Lights And Shadows

Introduction

Lights emit light that mix with the materials and produces a visible result. Light can come from several types of sources in a scene:

  • From the Material itself, in the form of the emission color (though it does not affect nearby objects unless baked).
  • Light Nodes: Directional, Omni and Spot.
  • Ambient Light in the Environment.
  • Baked Light (read doc_light_baking).

The emission color is a material property. You can read more about it in the doc_fixed_materials tutorial.

Light nodes

As mentioned before, there are three types of light nodes: Directional, Omni and Spot. Each has different uses and will be described in detail below, but first let’s take a look at the common parameters for lights:

../../../_images/light_params.png

Each one has a specific function:

  • Color: Base color for emitted light.
  • Energy: Energy multiplier. This is useful to saturate lights or working with High dynamic range.
  • Indirect Energy: Secondary multiplier used with indirect light (light bounces). This works in baked light or GIProbe.
  • Negative: Light becomes substractive instead of additive. It’s sometimes useful to manually compensate some dark corners.
  • Specular: Affects the intensity of the specular blob in objects affected by this light. At zero, this light becomes a pure diffuse light.
  • Cull Mask: Objects that are in the selected layers below will be affected by this light.

Shadow Mapping

Lights can optionally cast shadows. This gives them greater realism (light does not reach occluded areas), but it can incur a bigger performance cost. There is a list of generic shadow parameters, each also has a specific function:

  • Enabled: Check to enable shadow mapping in this light.
  • Color: Areas occluded are multiplied by this color. It is black by default, but it can be changed to tint shadows.
  • Bias: When this parameter is too small, self shadowing occurs. When too large, shadows separate from the casters. Tweak to what works best for you.
  • Contact: Performs a short screen-space raycast to reduce the gap generated by the bias.
  • Reverse Cull Faces: Some scenes work better when shadow mapping is rendered with face-culling inverted.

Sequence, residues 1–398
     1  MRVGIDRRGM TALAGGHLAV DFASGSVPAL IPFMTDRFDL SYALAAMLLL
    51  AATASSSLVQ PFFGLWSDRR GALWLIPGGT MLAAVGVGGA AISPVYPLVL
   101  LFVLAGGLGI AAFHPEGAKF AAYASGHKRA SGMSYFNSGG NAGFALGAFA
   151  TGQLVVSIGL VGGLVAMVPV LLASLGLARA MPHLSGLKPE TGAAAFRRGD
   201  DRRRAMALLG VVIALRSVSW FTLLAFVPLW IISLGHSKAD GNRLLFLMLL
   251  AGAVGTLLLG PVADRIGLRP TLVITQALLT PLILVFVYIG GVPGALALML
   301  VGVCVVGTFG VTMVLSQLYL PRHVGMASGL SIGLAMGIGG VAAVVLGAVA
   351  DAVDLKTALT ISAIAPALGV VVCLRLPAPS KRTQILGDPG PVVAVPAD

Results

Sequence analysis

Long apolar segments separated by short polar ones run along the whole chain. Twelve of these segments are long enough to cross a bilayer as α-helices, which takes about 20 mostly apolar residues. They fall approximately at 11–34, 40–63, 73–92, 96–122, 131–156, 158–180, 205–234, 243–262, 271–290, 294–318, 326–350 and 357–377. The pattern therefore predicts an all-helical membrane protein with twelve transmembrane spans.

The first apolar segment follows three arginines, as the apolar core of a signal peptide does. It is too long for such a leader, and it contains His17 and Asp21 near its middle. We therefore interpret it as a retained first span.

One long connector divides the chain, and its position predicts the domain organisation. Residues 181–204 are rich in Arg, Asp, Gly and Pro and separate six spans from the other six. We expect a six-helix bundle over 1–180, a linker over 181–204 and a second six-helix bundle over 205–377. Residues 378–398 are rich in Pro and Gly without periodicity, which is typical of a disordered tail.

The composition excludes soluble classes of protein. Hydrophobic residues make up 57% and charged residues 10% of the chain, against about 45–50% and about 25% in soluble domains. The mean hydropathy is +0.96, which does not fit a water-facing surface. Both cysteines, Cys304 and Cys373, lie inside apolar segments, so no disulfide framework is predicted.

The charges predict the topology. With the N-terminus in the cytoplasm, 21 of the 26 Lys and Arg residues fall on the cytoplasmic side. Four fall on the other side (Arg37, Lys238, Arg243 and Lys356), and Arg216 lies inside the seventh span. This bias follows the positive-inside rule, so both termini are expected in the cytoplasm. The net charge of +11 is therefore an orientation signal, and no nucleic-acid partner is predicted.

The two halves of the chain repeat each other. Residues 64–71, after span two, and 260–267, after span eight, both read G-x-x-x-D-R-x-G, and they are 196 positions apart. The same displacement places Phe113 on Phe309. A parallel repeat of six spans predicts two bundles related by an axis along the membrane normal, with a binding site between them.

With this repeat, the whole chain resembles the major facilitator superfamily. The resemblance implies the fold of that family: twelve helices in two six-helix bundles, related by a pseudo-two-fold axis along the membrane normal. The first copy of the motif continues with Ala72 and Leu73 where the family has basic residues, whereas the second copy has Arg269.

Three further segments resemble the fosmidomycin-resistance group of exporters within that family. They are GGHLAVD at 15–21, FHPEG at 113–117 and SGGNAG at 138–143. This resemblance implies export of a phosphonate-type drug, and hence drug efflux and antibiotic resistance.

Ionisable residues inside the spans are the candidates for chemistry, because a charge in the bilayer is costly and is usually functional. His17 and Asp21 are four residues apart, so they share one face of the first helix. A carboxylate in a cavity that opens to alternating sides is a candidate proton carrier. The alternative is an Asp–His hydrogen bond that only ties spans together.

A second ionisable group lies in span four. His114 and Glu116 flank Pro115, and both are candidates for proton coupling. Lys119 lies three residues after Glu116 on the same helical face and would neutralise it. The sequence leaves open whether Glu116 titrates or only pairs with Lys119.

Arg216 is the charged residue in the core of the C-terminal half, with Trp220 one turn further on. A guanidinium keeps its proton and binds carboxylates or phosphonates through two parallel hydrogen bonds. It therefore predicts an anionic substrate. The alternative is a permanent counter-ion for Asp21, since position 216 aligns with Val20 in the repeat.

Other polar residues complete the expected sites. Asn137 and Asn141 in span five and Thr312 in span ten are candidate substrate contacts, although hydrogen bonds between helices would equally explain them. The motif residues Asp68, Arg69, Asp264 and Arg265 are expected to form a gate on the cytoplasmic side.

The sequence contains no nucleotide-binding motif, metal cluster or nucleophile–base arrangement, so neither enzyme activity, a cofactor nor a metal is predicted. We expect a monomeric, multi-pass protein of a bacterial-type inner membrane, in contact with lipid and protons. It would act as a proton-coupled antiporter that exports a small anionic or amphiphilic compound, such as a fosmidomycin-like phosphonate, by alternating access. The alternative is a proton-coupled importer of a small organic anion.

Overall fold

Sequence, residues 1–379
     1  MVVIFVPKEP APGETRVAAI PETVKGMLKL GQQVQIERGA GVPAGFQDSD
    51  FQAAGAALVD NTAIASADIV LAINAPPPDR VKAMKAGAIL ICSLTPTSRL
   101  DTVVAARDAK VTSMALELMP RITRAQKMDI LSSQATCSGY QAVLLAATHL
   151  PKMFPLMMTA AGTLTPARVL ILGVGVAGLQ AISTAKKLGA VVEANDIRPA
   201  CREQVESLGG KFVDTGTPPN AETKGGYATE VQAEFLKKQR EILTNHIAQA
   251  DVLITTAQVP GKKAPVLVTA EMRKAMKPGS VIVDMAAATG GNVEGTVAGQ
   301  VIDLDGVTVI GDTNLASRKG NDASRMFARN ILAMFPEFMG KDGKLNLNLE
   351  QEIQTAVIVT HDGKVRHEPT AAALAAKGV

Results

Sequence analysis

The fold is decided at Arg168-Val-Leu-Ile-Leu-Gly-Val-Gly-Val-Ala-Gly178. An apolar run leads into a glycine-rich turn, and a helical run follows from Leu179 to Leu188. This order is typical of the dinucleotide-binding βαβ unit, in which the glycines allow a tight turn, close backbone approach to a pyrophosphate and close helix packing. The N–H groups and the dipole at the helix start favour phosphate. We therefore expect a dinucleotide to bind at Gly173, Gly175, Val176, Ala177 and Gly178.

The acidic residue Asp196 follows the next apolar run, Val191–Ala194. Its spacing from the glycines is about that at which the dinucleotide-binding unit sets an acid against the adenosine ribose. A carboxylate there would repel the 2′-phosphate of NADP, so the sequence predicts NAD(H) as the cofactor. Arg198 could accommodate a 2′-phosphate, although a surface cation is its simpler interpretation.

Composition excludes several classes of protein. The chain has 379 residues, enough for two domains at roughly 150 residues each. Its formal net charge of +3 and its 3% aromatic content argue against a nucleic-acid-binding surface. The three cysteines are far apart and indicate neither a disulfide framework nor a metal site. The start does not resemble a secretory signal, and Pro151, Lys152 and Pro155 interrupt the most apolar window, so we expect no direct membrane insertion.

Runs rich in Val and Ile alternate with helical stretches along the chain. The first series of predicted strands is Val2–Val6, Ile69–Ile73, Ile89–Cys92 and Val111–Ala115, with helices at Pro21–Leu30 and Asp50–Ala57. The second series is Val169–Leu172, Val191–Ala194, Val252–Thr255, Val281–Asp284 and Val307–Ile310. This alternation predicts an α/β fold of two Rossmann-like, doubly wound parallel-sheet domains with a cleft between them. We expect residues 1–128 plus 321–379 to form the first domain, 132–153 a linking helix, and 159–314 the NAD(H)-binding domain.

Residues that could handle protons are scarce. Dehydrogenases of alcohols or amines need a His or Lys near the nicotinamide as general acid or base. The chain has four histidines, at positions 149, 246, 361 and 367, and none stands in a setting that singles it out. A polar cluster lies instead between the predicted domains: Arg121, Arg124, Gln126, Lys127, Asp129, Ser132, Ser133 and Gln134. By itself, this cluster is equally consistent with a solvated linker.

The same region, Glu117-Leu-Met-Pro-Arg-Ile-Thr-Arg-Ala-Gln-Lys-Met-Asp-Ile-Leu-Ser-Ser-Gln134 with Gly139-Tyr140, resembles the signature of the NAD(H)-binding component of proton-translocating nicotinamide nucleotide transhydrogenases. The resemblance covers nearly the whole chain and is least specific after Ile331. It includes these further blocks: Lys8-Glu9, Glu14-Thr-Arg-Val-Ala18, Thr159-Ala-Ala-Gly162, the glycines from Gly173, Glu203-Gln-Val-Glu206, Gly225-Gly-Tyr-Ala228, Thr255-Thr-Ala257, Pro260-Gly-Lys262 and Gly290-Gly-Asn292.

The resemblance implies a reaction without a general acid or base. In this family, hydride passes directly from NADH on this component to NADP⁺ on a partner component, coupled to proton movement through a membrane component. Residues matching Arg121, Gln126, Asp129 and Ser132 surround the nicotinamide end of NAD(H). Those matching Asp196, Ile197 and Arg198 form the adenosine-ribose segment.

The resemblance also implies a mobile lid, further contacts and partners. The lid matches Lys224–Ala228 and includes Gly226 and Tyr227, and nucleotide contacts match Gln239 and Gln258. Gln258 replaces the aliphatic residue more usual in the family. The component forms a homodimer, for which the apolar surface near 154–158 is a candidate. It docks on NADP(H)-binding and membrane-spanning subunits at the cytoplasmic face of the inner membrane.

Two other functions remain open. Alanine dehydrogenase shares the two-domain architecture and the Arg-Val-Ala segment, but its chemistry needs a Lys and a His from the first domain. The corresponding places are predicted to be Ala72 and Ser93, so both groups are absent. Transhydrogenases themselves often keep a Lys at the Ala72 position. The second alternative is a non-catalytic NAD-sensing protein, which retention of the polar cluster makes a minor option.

Below is an image of how tweaking bias looks like. Default values work for most cases, but in general it depends on the size and complexity of geometry.

../../../_images/shadow_bias.png

Finally, if gaps cant be solved, the Contact option can help:

../../../_images/shadow_contact.png

Any sort of bias issues can always be fixed by increasing the shadow map resolution, although that may lead to decreased peformance on low-end hardware.

Directional light

This is the most common type of light and represents a light source very far away (such as the sun). It is also the cheapest light to compute and should be used whenever possible (although it’s not the cheapest shadow-map to compute, but more on that later).

Directional light models an infinite number of parallel light rays covering the whole scene. The directional light node is represented by a big arrow, which indicates the direction of the light rays. However, the position of the node does not affect the lighting at all, and can be anywhere.

../../../_images/light_directional.png

Every face whose front-side is hit by the light rays is lit, the others stay dark. Most light types have specific parameters but directional lights are pretty simple in nature so they don’t.

Directional Shadow Mapping

To compute shadow maps, the scene is rendered (only depth) from an orthogonal point of view that covers the whole scene (or up to the max distance). There is, however, a problem with this approach because objects closer to the camera receive blocky shadows.

../../../_images/shadow_blocky.png

To fix this, a technique named “Parallel Split Shadow Maps” (or PSSM) is used. This splits the view frustum in 2 or 4 areas. Each area gets it’s own shadow map. This allows small, close areas to the viewer to have the same shadow resolution as a huge, far-away area.

../../../_images/pssm_explained.png

With this, shadows become more detailed:

../../../_images/shadow_pssm.png

To control PSSM, a number of parameters are exposed:

../../../_images/directional_shadow_params.png

Each split distance is controlled relative to the camera far (or shadow Max Distance if greater than zero), so 0.0 is the eye position and 1.0 is where the shadow ends at a distance. Splits are in-between. Default values generally work well, but tweaking the first split a bit is common to give more detail to close objects (like a character in a third person game).

Always make sure to set a shadow Max Distance according to what the scene needs. The closer the max distance, the higher quality they shadows will have.

Sometimes, the transition between a split and the next can look bad. To fix this, the “Blend Splits” option can be turned own, which sacrifices detail in exchange for smoother transitions:

../../../_images/blend_splits.png